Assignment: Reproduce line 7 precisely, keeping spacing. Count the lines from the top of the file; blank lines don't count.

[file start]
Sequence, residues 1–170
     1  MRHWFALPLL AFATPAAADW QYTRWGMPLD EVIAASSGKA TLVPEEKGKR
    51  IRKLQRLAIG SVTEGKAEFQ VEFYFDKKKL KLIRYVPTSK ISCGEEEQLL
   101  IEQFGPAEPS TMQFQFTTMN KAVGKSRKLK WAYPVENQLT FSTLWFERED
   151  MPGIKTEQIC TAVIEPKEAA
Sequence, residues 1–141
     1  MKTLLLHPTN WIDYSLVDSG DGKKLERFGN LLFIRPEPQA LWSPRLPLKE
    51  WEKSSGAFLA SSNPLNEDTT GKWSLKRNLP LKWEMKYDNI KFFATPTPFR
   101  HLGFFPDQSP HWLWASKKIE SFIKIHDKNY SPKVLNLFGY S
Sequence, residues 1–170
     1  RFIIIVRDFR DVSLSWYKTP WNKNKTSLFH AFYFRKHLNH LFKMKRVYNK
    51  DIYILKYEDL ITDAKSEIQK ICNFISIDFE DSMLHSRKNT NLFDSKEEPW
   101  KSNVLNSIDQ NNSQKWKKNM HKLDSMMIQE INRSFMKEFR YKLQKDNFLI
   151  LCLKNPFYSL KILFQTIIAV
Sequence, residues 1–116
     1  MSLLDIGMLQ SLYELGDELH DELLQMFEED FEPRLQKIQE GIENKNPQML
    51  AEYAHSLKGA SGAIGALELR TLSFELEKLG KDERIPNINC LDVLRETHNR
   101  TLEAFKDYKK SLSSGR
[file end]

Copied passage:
     1  MKTLLLHPTN WIDYSLVDSG DGKKLERFGN LLFIRPEPQA LWSPRLPLKE